I'm a big fan of back-of-the-envelope math. But when it comes to job fulfillment, one simple math equation doesn't cut it: People with two jobs are definitely not doing twice as well as people with one job.
Of course, this makes sense when you think about it, as those who are working more than one job are likely struggling to make ends meet, and picking up extra jobs in order to simply survive rather than thrive. But one study makes the distinction between the two ways of working even sharper.
After polling more than 1,000 working Americans, Insurance Quotes produced a report comparing the happiness of those working one job with that of those working two or more. Here's what they found.
One third of workers with just one job cannot afford a routine medical exam
It's no secret that your health is tied to your happiness, as anyone with a cluster headache or even just the common cold can affirm. But a full third — 33 percent — of one-job workers can't even get a basic medical exam. That's a shocking number, and it's worse for those holding more than one job: 66 percent of one-job workers can afford a routine exam, but just 58 percent of multiple-job workers can do the same.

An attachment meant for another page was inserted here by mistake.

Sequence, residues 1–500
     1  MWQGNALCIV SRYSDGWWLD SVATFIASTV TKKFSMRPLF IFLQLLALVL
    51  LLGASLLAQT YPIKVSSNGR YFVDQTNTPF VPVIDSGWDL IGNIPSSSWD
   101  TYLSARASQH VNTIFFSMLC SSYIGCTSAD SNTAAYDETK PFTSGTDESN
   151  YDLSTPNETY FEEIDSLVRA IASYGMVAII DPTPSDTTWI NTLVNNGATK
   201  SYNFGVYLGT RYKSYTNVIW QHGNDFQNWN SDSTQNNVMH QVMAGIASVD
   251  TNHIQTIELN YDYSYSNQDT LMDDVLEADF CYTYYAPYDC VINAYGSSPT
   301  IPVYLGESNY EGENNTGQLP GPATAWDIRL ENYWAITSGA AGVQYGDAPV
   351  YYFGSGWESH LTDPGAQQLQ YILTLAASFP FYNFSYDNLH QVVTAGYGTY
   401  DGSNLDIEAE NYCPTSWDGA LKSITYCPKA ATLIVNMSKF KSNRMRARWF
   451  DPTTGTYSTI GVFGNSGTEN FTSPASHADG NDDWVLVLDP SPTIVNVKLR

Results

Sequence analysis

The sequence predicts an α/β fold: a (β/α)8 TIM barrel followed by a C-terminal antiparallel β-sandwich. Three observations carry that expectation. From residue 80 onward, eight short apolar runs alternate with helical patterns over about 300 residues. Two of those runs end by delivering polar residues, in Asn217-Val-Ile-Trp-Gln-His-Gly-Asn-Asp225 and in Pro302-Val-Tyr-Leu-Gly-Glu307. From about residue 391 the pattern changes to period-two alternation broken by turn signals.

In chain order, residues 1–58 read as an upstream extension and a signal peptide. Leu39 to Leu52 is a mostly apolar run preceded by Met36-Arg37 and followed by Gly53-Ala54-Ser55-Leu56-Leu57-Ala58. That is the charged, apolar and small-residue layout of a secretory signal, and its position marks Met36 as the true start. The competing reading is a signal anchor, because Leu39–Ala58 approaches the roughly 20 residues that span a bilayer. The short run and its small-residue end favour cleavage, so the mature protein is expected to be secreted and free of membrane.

The unhappiest Americans are those working for a base pay, plus tips
The segment of Americans who are the least happy is easy to pinpoint: It's those who get a base pay supplemented with tips. This group hit 4.3 on a 1-7 scale of happiness. However, they did rank high for one factor, work-life balance.
“More than 80 percent of base pay plus tip earners and self-employed Americans were happy about their work-life balance (the most of any group),” the report notes, “with just under 17 percent citing it as an unhappy aspect of work.”
Furthermore, around 60 percent of these unhappy Americans work in the food service industry. At the top of the happy list: self-employed, at 5.4 happiness, while freelancers trail them at 5.3 happiness.
Less than 60 percent of American workers are satisfied with their pay rate regardless of the number of jobs they held
59 percent of those with a single job — and 52 percent of those with more than one job — said they were not satisfied with the pay rate they earned.
For the millions of Americans working more than one job, financial security remains a distant goal.